leader is generally Indra. There are, finally, the Visve devas
(p. 147), who, invoked in many hymns, form a comprehensive group,
which in spite of its name is, strange to say, sometimes conceived
as a narrower group associated with others like the Vasus and
Lesser Divinities.--Besides the higher gods, a number
of lesser divine powers are known to the RV. The most prominent
of these are the Rbhus, who are celebrated in eleven hymns. They
are a deft-handed trio, who by their marvellous skill acquired
the rank of deities. Among their five main feats of dexterity
the greatest consisted in transforming the bowl of Tvastr into
four shining cups.
The bowl and the cups have been various interpreted a s the
moon with its four phases or the year with its Seasons. The Rbhus
further exhibited their skill in renewing the youth of their
parents, by whom Heaven and Earth seem to have been meant.
Occasional mention is made in the RV. of an Apsaras, a celestial
water-nymph, the spouse of a corresponding genius named Gandharva.
In a few passages more Apsarases, than one are spoken of; but
the only one mentioned by name is Urvasi. Gandharva is in the
RV. a single being (like the Gandarewa of the Avesta), who dwells
in the aerial sphere, guards the celestial Soma, and is (as in
the Avesta) connected with the waters.
There are, lastly, a few divinities of the tutelary order,
guardians watching over the welfare of house or field. Such is
the rarely mentioned Vastospati, 'Lord of the Dwelling', who
is invoked to grant a favourable entry, to remove disease, and
to bestow protection and prosperity. Ksetrasya pati, 'Lord of
the Field', is besought to grant cattle and horses and to confer
welfare. Sita, the 'Furrow', is once invoked to dispense crops
and rich blessings.
In addition to the great phenomena of nature, various features
of the earth's surface as well as artificial objects are to be
found deified in the RV. Thus besides Rivers and Waters (p. 115),
already mentioned as terrestrial goddesses, mountains are often
addressed as divinities, but only along with other natural objects,
or in association with gods. Plants are regarded as divine powers,
one entire hymn (x. 97) being devoted to their praise, chiefly
with reference to their healing properties. Sacrificial implements,
moreover, are deified. The most important of these is the sacrificial
post which is praised and invoked in a whole hymn (iii. 8). The
sacrificial grass (barhis) and the Divine Doors (dvaro devih),
which lead to the place of sacrifice, are addressed as goddesses.
The pressing stones (gravanas) are invoked as deities in three
hymns (x. 76. 94. 175): spoken of as immortal, unaging, mightier
than heaven, they are besought to drive away demons and destruction.
The Mortar and Pestle used in pounding the Soma plant are also
invoked in the RV. (i. 28, 6. 6). Weapons, finally, are sometimes
deified: armour, bow, quiver, arrows, and drum being addressed
in one of the hymns (vi. 75).
The Demons often mentioned in the hymns are of two
kinds. The higher and more powerful class are the aerial foes
of the gods. These, are seldom called asura in the RV., where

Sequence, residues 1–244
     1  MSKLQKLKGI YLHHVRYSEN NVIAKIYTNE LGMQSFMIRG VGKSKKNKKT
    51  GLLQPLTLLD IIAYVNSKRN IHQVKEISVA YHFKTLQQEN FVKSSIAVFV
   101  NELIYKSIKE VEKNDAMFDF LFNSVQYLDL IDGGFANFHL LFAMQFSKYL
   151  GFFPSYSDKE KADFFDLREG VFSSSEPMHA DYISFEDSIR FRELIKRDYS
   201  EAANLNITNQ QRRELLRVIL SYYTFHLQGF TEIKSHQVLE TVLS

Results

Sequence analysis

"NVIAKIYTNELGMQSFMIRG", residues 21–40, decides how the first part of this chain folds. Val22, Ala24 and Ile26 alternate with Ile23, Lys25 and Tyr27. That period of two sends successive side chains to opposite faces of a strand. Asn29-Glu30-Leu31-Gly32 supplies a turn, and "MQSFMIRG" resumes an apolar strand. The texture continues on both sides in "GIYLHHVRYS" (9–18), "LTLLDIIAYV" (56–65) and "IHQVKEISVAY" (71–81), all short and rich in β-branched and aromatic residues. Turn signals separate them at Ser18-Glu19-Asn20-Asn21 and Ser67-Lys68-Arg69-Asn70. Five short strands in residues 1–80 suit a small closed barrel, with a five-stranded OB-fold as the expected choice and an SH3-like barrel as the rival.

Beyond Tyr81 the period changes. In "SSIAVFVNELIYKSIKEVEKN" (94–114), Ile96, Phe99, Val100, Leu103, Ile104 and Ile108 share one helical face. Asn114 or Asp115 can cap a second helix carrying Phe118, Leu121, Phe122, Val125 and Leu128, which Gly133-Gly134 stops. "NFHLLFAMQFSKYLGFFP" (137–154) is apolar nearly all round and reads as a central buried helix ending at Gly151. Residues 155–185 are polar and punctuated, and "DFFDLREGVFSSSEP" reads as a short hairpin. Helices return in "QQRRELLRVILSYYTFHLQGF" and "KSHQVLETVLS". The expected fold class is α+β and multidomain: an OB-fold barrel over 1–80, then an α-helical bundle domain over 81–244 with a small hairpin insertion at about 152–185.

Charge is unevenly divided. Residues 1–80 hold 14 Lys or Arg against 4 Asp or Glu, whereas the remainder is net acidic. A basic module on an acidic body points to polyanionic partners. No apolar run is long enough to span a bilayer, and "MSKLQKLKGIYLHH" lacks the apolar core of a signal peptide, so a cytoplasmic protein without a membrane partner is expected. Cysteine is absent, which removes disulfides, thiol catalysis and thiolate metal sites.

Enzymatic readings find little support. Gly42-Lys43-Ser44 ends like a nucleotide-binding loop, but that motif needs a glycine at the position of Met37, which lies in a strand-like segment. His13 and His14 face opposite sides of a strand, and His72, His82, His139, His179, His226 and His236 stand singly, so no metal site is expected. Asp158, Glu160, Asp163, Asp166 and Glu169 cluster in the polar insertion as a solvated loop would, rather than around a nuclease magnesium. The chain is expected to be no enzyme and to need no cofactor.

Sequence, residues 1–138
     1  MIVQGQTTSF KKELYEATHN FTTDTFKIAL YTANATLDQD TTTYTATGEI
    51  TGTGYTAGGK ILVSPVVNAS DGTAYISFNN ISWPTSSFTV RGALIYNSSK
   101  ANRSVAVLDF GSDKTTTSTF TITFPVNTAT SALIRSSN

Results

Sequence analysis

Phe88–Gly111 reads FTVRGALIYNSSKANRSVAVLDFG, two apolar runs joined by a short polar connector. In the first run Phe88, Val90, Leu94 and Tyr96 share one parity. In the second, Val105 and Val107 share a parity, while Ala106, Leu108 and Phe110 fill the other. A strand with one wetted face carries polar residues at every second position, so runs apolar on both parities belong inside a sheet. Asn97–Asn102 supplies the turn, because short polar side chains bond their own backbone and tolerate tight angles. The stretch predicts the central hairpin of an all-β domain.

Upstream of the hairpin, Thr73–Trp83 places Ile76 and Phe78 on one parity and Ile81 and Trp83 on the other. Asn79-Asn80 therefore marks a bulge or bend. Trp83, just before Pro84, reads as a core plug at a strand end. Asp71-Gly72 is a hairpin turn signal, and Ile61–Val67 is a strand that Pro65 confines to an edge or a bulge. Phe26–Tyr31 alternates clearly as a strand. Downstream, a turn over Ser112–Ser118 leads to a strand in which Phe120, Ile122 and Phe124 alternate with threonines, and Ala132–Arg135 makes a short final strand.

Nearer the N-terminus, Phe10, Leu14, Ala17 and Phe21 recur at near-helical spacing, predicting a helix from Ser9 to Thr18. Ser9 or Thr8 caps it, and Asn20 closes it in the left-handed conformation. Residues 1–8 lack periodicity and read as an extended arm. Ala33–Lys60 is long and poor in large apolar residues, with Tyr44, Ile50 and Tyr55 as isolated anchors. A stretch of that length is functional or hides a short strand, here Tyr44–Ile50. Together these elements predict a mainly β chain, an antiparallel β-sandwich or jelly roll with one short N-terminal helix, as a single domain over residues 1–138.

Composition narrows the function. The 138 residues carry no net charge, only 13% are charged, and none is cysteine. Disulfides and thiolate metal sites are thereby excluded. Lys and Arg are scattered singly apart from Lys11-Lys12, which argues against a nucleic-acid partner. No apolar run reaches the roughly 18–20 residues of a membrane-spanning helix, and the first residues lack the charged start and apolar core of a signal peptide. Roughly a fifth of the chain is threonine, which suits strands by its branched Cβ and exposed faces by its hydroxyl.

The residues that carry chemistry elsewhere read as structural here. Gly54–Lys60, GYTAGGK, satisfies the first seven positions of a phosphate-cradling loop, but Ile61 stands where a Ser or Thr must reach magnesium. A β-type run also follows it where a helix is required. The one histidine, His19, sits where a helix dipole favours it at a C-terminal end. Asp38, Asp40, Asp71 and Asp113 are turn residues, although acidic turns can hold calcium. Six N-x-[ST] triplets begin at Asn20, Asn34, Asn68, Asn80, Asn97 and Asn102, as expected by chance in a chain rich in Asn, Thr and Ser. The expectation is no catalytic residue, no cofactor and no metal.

in the older parts that word means a divine being, like ahura
in the Avesta (cf. p. 134). The term dasa, or dasyu, properly
the name of the dark aborigines, is frequently used in the sense
of fiend to designate the aerial demons. The conflict is regularly
one between a single god and a single demon, as exemplified by
Indra and Vrtra. The latter is by far the most frequently mentioned.
His mother being called Danu, he is sometimes alluded to by the
metronymic term Danava. Another powerful demon is Vala, the personified
cave of the cows, which he guards, and which are set free by
Indra and his allies, notably the Angirases. Other demon adversaries
of Indra are Arbuda, described as a wily beast, whose cows Indra
drove out; Visvarapa, son of Tvastr, a three-headed demon slain
by both Trita and Indra, who seize his cows; and Svarbhanu, who
eclipses the sun. There are several other individual demons,
generally described as Dasas and slain by Indra. A group of demons
are the Panis ('niggards'), primarily foes of Indra, who, with
the aid of the dog Sarama, tracks and releases the cows hidden
The second or lower class of demons are terrestrial goblins,
enemies of men. By far the most common generic name for them
is Raksas. They are nearly always mentioned in connexion with
some god who destroys them. The much less common term Yalu or
Yatudhana (primarily 'sorcerer') alternates with Raksas, and
perhaps expresses a species. A class of demons scarcely referred
to in the RV., but often mentioned in the later Vedas, are the
Pisacas, eaters of raw flesh or of corpses.
Not more than thirty hymns are concerned with subjects other
than the worship of gods or deified objects. About a dozen of
these, almost entirely confined to the tenth book, deal with
magical practices, which properly belong to the sphere of the
Atharvaveda. Their contents are augury (ii. 42. 43) or spells
directed against poisonous vermin (i. 191) or disease (x. 163),
against a demon destructive of children (x. 162), or enemies
(x. 166), or rival wives (x. 145). A few are incantations to
preserve life (x. 58. 60), or to induce sleep (v. 55), or to
procure offspring (x. 183); while one is a panegyric of frogs
as magical bringers of rain (vii. 103, p. 141).
8. SECULAR MATTER IN THE RIGVEDA.
Secular hymns.--Hardly a score of the hymns are secular
poems. These are especially valuable as throwing direct light